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UFCW local in San Francisco fights concessions
One-day strike hits Macy's

By Emily Gimeno and Adrienne Johnstone | July 23, 2004 | Page 15

SAN FRANCISCO--Hundreds of Macy's workers went on a one-day strike at the company's Union Square and Stonestown Mall stores in San Francisco July 17. The workers--sales associates, greeters, clerical staff and stock clerks-- are members of the United Food and Commercial Workers Local 101, which represents 1,500 Macy's workers. The workers have been fighting for a new contract since the old agreement expired June 23.

"We've got to show that we're organized and willing to fight and that we can shut them down," Steve Quinlan, a shop steward for Local 101, told Socialist Worker. The company wants to keep their family- and worker-unfriendly policies and make them worse by demanding major concessions.

Macy's wants a six-year contract and is demanding no paid sick days or relief on health care costs, which run the average employee around $500 each month. Macy's also doesn't have any sick days--and if people call into work sick, they get "points," which can equal discipline or termination.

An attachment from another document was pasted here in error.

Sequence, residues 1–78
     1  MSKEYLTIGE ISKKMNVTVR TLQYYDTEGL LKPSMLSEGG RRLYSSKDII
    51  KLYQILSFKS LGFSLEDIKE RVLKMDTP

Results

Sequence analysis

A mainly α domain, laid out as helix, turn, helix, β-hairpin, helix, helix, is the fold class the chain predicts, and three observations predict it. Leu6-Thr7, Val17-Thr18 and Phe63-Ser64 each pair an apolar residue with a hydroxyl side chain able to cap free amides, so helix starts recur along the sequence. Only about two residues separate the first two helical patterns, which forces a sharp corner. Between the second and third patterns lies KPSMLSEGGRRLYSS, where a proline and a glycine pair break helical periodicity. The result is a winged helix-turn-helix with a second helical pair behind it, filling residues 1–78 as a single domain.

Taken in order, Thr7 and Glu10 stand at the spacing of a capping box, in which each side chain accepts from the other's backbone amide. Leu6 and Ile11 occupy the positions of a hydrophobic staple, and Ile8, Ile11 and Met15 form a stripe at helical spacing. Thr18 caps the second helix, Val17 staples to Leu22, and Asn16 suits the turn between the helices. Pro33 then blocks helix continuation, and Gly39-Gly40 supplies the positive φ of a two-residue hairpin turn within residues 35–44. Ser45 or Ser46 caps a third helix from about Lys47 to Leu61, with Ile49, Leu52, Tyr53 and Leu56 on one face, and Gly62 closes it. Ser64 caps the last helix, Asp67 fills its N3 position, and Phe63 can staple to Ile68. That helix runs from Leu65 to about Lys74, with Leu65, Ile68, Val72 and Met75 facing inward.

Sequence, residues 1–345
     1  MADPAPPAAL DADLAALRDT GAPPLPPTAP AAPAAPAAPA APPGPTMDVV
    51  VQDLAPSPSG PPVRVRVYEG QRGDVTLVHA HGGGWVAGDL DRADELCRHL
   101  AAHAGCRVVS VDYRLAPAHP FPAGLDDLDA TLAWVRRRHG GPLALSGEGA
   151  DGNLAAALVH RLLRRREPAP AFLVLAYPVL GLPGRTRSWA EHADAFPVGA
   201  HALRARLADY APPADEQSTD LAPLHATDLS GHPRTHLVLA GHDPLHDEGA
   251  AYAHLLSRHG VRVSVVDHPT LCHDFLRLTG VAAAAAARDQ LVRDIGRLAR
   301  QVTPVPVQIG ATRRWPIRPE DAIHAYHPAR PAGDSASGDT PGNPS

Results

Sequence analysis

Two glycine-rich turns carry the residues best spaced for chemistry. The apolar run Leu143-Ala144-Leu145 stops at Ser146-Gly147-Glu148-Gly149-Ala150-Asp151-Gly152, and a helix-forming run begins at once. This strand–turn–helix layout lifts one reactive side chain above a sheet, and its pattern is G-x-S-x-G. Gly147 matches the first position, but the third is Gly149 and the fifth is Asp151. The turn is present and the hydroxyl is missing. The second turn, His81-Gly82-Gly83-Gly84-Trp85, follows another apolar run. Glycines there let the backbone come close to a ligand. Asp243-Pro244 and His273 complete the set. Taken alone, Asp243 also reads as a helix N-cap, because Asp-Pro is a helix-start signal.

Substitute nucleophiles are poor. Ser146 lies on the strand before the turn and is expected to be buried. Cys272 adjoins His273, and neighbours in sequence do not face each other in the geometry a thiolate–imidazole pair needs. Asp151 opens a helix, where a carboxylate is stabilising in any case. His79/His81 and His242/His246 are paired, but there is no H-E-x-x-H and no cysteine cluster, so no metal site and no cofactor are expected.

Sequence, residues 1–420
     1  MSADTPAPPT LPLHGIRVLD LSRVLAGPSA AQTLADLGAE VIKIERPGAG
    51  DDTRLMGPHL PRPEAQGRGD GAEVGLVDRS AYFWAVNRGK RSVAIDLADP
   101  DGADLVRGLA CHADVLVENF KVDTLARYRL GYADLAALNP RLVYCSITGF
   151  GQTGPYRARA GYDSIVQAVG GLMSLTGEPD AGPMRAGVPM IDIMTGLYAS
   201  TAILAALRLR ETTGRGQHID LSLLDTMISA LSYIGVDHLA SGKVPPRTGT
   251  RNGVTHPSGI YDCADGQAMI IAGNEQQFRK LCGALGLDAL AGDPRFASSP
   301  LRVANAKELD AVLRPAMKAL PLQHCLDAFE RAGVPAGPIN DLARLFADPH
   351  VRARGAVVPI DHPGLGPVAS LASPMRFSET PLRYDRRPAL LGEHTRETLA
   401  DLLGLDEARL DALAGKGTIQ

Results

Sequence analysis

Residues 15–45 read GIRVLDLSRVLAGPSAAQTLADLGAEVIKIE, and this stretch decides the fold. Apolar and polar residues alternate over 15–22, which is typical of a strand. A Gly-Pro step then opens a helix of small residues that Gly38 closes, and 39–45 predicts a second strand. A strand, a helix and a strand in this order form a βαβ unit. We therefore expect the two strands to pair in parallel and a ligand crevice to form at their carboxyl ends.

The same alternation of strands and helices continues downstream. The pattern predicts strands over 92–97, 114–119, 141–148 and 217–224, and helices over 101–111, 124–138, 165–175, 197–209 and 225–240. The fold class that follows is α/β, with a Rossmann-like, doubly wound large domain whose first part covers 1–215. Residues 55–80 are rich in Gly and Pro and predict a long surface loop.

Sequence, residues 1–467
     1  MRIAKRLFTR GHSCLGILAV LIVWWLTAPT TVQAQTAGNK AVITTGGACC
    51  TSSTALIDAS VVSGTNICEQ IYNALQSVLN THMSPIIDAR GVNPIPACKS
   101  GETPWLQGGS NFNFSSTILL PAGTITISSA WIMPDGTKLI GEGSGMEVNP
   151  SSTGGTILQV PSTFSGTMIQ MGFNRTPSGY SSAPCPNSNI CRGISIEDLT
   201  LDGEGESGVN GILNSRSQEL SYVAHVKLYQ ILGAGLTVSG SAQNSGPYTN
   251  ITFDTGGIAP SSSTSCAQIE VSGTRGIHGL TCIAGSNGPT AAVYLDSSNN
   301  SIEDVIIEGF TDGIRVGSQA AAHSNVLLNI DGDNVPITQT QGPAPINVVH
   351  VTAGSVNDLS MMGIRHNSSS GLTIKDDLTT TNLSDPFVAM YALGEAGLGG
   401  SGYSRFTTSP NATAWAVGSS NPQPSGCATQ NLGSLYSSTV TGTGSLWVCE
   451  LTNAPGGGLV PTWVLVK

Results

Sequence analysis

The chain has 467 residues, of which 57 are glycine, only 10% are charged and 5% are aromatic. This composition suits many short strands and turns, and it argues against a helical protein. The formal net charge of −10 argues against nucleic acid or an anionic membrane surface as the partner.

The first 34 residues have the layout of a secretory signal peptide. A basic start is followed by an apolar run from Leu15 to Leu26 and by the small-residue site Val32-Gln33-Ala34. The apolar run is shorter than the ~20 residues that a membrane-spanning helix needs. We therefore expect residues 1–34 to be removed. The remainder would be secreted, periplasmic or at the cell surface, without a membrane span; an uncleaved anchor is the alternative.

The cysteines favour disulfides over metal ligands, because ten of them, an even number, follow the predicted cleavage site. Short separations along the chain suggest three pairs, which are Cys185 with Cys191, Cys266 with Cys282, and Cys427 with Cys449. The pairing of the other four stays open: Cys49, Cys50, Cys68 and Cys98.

Moreover, management has offered a pitiful 2 percent wage increase that would raise average earnings by just 23 cents per hour. Macy's has also started to discipline employees who do not open high interest rate Macy's charge card accounts, threatening them with termination.

Kevin Sears, Macy's main negotiator, says that "the staff is overpaid" with wages currently between $10.57 through $13.22 an hour--in San Francisco where the cost of living in the U.S. is only second to Manhattan. James, an employee of Macy's for 10 years, adds, "People come to work sick every day because they are afraid that they will get points against them."

But workers are determined to fight back. "Our union is not what you think of as your traditional union," said shop steward Quinlan, a 10-year veteran of the company. "We've got a lot of young people who are first, second generation immigrants. Macy's is a second job, or people are going to school. A lot of people don't think Macy's is a career job, so management slaps us around and does whatever they want."

Referring to the argument that Macy's workers are "overpaid," Quinlan said, "I personally feel this is really racist because 95 percent of these [new workers] are first generation Chinese immigrants." The one-day strike may be the first of several such actions, he added.

"We have to keep the momentum up in case the company comes back with a lame offer. We have to make sure we can go back out there again," Quinlan said. "A lot of people view this as a one-time shot and don't realize we might have to go back there next Saturday or have rolling strikes like the nurse did [California Nurses Association used rolling strikes in 2002]."

"The last strike before this one was in 1984. This just goes to show how workers need to unite in solidarity and fight against the profit-over-people syndrome that companies such as Macy's have against workers--before they turn out to be just like Wal-Mart."

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